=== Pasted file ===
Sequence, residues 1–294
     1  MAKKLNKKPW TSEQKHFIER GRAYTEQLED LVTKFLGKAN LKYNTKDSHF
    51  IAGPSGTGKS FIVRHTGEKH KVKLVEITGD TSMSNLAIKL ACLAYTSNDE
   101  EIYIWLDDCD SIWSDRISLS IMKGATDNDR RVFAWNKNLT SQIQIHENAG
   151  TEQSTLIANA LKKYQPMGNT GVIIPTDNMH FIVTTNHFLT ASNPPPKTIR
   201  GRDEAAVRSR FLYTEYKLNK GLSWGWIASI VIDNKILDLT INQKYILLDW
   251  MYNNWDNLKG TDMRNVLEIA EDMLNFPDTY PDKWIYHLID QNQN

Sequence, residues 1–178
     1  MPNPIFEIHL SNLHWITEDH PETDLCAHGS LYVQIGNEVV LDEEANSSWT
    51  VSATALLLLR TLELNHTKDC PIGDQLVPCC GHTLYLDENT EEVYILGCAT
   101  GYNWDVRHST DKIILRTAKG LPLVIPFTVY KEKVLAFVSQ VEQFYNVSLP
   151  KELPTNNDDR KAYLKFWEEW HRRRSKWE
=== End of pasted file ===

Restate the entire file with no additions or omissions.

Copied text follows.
Sequence, residues 1–294
     1  MAKKLNKKPW TSEQKHFIER GRAYTEQLED LVTKFLGKAN LKYNTKDSHF
    51  IAGPSGTGKS FIVRHTGEKH KVKLVEITGD TSMSNLAIKL ACLAYTSNDE
   101  EIYIWLDDCD SIWSDRISLS IMKGATDNDR RVFAWNKNLT SQIQIHENAG
   151  TEQSTLIANA LKKYQPMGNT GVIIPTDNMH FIVTTNHFLT ASNPPPKTIR
   201  GRDEAAVRSR FLYTEYKLNK GLSWGWIASI VIDNKILDLT INQKYILLDW
   251  MYNNWDNLKG TDMRNVLEIA EDMLNFPDTY PDKWIYHLID QNQN

Sequence, residues 1–178
     1  MPNPIFEIHL SNLHWITEDH PETDLCAHGS LYVQIGNEVV LDEEANSSWT
    51  VSATALLLLR TLELNHTKDC PIGDQLVPCC GHTLYLDENT EEVYILGCAT
   101  GYNWDVRHST DKIILRTAKG LPLVIPFTVY KEKVLAFVSQ VEQFYNVSLP
   151  KELPTNNDDR KAYLKFWEEW HRRRSKWE